Sponsored Research Agreement (Single Non-Federal Sponsor)

A Sponsored Research Agreement (SRA) is a contract between MIT and a non-federal sponsor for the purposes of funding and conducting research at MIT.

Sponsored Research Agreements include terms governing the following:

  • Scope of work to be conducted
  • Budget for the research
  • Payment obligations and timing
  • Management and staffing of the research project
  • Schedules and deliverables
  • Publication of the research results
  • Options to license the intellectual property arising from the research
  • Care of data and confidential information exchanged during the research
  • Transfer of materials (when needed)
  • Compliance with export control and other laws and regulations
  • Use of MIT’s name
  • Rights and procedures to terminate the project
  • Taxes, insurance, warranties, liability, governing law, and other items necessary for contracts

The process for developing an SRA for a non-federal sponsor may be brief or lengthy, depending on the complexity of the program to be sponsored and what the sponsor expects to obtain for its support.

What does OSP need to negotiate an SRA?

OSP needs an approved proposal with budget and schedule, prepared by the principal investigator (PI) and routed through the department and school to the OSP contract administrator.

OSP can begin drafting an SRA for a non-federal sponsor when the contract administrator receives a draft statement of work and budget from the PI. However, the office cannot advance negotiation of the agreement beyond preliminary discussions with the sponsor until the approved proposal has been routed, because the approved statement of work, schedule, funding amount, and payment schedule must be incorporated into the SRA and are needed by OSP and the Sponsor to negotiate essential terms and conditions in the agreement affecting issues such as publication review, materials transfer and intellectual property rights.

What is the process?

  1. If possible, give OSP a head-start on this process by providing, as early as possible, a draft statement of work, schedule, and budget to the OSP contract administrator supporting your department, laboratory, or center. Alternatively, route a completed proposal and budget for approval to the OSP contract administrator.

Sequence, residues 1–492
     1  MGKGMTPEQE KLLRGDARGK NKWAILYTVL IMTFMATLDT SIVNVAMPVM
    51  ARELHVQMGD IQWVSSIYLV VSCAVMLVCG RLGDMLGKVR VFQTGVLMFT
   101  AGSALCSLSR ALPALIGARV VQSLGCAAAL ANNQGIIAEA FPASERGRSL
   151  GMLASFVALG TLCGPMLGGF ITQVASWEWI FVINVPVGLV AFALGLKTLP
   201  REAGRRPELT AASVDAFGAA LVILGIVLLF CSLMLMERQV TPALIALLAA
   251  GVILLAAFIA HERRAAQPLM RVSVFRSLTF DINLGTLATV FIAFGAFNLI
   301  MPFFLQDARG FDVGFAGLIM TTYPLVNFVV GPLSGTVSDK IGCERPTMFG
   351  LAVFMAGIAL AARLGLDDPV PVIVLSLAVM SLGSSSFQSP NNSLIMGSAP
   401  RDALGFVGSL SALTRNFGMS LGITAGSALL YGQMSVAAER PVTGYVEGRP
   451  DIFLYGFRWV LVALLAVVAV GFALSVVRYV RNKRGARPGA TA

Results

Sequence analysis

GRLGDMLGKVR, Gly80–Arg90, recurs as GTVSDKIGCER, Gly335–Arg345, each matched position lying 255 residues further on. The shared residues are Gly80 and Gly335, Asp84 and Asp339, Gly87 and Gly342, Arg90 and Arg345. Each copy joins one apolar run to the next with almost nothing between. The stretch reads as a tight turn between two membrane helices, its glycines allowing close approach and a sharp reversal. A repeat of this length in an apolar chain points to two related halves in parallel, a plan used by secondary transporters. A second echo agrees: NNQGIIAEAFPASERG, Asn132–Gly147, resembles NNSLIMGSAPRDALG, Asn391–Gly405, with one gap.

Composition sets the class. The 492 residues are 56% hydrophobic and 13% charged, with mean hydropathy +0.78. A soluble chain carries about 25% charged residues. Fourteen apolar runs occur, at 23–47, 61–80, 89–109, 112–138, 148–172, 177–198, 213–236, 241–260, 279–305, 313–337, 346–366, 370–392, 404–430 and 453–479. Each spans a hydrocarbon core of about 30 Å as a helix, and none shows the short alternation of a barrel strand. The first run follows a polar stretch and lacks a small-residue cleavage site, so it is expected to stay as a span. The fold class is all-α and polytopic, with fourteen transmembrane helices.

2. The contract administrator will determine what kind of sponsored research agreement is required.
    • MIT prefers to use its standard Sponsored Research Agreement as the model for most research agreements with non-federal sponsors. Therefore, in most cases, the contract administrator will propose this agreement to the sponsor.
    • Sometimes a sponsor will propose its own research agreement as the starting point. In this case, provide the sponsor’s proposed agreement to the contract administrator, who will review the sponsor’s draft agreement.
  3. If necessary, the contract administrator will engage a contract specialist (negotiator) from OSP’s Non-Federal Agreements Team to negotiate a mutually acceptable Sponsored Research Agreement for the project.
  4. Next, the agreement is signed by the sponsor and by an OSP sponsor liaison for MIT.
  5. Finally, the OSP contract administrator will notify the PI and his or her department, laboratory, or center, asking the PI and departmental administrative officer to approve the award and acknowledge its terms and conditions. Then, the contract administrator will set up the award.

How long will this process take?

The length of time from approval of a proposal to notice of award from a non-federal sponsor can vary widely. 

If a non-federal sponsor accepts MIT’s standard Sponsored Research Agreement without modification, obtaining the signed agreement may take a few weeks. The process includes these steps:

  1. Review of the PI’s background intellectual property (BIP) by MIT’s Technology Licensing Office, to determine whether any BIP may be needed by the sponsor to practice inventions developed during the proposed research. Pertinent BIP needs to be identified in the final research agreement; if desired, the sponsor must have the opportunity to obtain licenses to BIP.
  2. Transmittal of MIT’s approved research proposal and standard SRA to the sponsor.
  3. Review and acceptance of the SRA by the sponsor’s legal counsel.
  4. Signing of the agreement by the sponsor’s corporate officer.
  5. Transmittal of the signed agreement back to MIT, and signature by OSP.

If a sponsor proposes that MIT use the sponsor’s contract or wants to negotiate changes to MIT’s standard SRA, the process takes longer. The steps are the same as above, but step 3 includes negotiation between the sponsor’s legal counsel and management and a contract specialist on the OSP Non-Federal Agreements Team.

The length of the negotiation step is affected by the complexity of the project and by how many areas of disagreement must be resolved through negotiation. Potential complicating factors may include:

  1. Multiple sponsors (co-funding) for a project
  2. Complex intellectual property terms
  3. Requests and requirements by the sponsor that conflict with MIT policies, practices, or organizational structure
  4. How quickly and fully the sponsor’s legal counsel responds to OSP’s communications

During the negotiation, the contract specialist may need to consult with other MIT offices, such as the Office of General Counsel and the Technology Licensing Office.

For these reasons, SRA contract negotiations may require several months to reach agreement if the sponsor demands terms that deviate significantly from MIT’s standard SRA terms.

Your OSP contract administrator and the contract specialist will update you on the progress of your SRA negotiation.

Where to get help: Contact the OSP contract administrator for your department, laboratory, or center.